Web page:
Anthony Pierce first arrived at Akin Gump Strauss Hauer & Feld as a summer associate in 1986. A year later he joined the firm fulltime, and he's remained ever since. Pierce, who's led the Washington office since 2008, focuses on commercial litigation, intellectual property, employment and internal investigations.
Legal Times sat down with Pierce to talk about the end of the government shutdown, the role of the Washington office in Akin’s overall structure and any immediate plans for growth.
Legal Times: What effect, if any, did the 16-day federal shutdown have on the business of the firm?
Anthony Pierce: The month in which it was shut down hasn't closed yet so I can't tell you in terms of numbers, but anecdotally I have not seen any major shift. We'll know when the numbers come out. I did sense from all the notices from my cases that the courts were about to really be hurt by this. From a litigation practice, there would have been a material effect. The cases would have kept going, but if you can't get rulings on motions or if you could not get into court for a hearing or a trial got delayed, that would be a problem. But that did not happen.
LT: How does Akin's Washington office fit with the rest of the firm?
Pierce: If you think about the business community—from the perspective of our clients and where the government intersects with the business community [litigation, policy, lobbying work and regulatory]—that is the role this office serves. That is why both clients and our partners in other offices who need those kind of services come to our Washington office.
LT: What sets Akin's lobbying practice apart from others in Washington?
Pierce: I think our policy people all come to their issues first from a legal standpoint. Their understanding of the substantive legal impact that a given policy has distinguishes them from many lobbyists that are only into relationships. Having said that, we have a lot of relationships on both sides of the aisle. What I think is unique about our folks is that they understand the legal implications and can explain a particular policy consideration with the backing of a strong substantive legal understanding. They are also helped by all the other practitioners in the firm. For example, if my partner Hank Terhune needs to talk about an energy issue on the Hill, he has a former FERC (Federal Energy Regulatory Commission) commissioner, folks from the [Department of Energy] and the FERC general counsel's office to talk to and help understand that issue.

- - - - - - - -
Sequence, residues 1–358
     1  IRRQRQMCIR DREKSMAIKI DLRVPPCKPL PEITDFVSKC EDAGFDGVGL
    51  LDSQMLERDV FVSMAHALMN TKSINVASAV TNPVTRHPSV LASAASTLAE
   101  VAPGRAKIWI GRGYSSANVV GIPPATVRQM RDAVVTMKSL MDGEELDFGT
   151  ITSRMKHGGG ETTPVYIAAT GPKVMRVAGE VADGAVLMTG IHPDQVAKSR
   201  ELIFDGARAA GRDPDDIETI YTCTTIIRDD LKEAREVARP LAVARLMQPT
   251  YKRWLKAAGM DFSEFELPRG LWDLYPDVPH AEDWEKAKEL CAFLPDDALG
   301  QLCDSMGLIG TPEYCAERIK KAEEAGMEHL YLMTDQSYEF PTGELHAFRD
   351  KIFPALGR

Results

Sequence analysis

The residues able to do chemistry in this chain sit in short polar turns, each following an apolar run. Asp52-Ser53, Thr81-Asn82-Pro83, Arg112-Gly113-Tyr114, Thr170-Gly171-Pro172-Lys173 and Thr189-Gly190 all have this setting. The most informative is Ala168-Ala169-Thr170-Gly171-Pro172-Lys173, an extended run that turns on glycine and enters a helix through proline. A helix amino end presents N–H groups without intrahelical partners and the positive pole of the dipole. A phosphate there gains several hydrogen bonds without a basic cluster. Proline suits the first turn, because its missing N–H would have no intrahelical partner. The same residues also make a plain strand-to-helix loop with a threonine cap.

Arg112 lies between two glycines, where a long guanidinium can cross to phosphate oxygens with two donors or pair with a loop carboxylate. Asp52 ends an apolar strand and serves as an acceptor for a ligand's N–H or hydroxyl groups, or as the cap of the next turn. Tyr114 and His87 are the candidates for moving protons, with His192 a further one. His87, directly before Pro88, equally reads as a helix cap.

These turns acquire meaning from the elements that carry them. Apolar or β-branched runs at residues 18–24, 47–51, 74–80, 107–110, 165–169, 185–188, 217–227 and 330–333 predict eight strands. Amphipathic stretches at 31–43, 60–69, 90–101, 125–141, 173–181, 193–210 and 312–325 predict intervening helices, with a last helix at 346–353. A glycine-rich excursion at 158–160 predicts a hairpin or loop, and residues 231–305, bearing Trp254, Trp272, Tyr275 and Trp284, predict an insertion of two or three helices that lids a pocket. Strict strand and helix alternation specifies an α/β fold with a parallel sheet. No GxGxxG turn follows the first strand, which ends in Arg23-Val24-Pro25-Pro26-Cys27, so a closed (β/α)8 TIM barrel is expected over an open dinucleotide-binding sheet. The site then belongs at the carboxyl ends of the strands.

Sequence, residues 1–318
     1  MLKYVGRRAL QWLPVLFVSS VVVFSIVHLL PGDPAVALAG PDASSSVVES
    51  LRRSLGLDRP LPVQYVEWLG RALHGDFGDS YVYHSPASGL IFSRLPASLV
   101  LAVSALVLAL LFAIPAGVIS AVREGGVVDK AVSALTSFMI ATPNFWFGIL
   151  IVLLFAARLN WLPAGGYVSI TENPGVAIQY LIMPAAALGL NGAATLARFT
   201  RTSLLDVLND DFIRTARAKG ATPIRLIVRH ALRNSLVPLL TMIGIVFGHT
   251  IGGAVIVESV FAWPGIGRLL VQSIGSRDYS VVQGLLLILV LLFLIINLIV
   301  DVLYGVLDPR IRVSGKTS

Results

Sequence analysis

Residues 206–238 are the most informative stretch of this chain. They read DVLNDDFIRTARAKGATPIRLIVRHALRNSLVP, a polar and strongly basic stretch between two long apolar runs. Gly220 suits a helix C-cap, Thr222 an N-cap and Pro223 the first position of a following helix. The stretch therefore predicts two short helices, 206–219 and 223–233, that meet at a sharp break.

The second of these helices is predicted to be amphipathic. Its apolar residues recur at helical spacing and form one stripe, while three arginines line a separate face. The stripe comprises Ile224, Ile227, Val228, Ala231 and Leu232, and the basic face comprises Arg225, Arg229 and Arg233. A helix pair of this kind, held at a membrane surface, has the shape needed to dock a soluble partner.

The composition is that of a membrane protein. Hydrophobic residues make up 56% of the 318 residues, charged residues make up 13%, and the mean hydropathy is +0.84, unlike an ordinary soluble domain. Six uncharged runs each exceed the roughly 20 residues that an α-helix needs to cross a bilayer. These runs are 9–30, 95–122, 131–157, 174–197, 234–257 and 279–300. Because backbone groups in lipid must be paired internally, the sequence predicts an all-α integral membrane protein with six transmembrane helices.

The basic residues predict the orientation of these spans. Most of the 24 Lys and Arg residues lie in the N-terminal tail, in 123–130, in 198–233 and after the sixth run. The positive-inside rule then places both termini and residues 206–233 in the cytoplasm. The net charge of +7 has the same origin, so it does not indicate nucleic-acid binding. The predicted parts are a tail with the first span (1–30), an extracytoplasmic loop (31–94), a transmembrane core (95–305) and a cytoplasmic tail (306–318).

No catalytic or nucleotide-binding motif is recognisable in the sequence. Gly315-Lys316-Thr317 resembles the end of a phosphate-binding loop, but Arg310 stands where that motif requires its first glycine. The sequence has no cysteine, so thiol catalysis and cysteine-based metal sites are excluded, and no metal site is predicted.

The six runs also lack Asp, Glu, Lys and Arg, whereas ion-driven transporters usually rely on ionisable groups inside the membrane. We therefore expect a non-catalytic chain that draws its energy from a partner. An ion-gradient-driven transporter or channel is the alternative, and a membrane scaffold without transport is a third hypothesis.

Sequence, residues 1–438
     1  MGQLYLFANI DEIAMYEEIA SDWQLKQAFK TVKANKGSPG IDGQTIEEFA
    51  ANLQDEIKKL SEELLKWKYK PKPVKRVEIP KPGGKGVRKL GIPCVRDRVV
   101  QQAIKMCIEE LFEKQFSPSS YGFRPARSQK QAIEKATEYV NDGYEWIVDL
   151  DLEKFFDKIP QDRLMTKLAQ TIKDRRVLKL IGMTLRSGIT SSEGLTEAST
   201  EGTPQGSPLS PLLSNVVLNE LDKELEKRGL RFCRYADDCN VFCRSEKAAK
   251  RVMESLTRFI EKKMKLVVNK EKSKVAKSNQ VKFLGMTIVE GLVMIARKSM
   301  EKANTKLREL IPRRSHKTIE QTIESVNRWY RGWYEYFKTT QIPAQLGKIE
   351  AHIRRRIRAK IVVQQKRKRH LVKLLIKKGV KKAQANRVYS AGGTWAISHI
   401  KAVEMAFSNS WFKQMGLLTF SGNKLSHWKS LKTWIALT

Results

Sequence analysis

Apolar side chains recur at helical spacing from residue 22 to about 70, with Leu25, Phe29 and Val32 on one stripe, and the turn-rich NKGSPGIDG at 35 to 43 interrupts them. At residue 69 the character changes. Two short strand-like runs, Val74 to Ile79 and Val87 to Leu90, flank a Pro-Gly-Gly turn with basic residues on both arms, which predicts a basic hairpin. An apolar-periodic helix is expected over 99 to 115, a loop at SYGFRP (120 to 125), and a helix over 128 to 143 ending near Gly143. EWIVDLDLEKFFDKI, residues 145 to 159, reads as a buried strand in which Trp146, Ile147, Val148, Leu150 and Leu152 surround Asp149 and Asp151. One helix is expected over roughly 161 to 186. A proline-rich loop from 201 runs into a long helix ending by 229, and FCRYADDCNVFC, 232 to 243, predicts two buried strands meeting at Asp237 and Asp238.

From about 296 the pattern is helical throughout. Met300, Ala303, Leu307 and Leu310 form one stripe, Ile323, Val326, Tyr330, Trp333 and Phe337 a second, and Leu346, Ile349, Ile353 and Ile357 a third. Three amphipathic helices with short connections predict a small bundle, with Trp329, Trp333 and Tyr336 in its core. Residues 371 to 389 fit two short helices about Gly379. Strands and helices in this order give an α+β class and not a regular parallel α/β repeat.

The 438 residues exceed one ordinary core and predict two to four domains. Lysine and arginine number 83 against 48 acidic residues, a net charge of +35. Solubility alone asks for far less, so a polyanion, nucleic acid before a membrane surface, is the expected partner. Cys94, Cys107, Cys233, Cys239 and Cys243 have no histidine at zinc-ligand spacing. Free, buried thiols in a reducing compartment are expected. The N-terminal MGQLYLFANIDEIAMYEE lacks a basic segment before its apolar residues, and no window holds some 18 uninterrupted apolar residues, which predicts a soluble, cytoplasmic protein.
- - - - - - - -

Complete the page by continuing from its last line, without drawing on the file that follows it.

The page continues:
LT: What is the growth plan for Akin's largest office?
Pierce: We will grow if it makes sense to grow. I think we'll always be on par with our competitors. The one thing to realize is that [what drives] the overall legal industry is the work. I would say work in the legal industry is flat to slightly up. That is what drives growth. If you see more economic activity, you will again see growth in firms such as ours.
LT: What are your thoughts on the recent Cooley / Dow Lohnes merger?
Pierce: I do think you'll see more consolidations like that. I think firms that feel like they need to be on a broader footprint are going to be seeking those.
LT: What keeps you busy outside of the practice of law?
Pierce: I have three wonderful daughters who are wonderful students and wonderful soccer players. I am in many respects a classic soccer dad. And I golf. I am the secretary of the [Greater Washington] Board of Trade. I have an abiding interest in the growth of the D.C. business community.
This is part of a series of Q&A sessions Legal Times is conducting with D.C.-based law firm managing partners. Photo by The National Law Journal's Diego M. Radzinschi.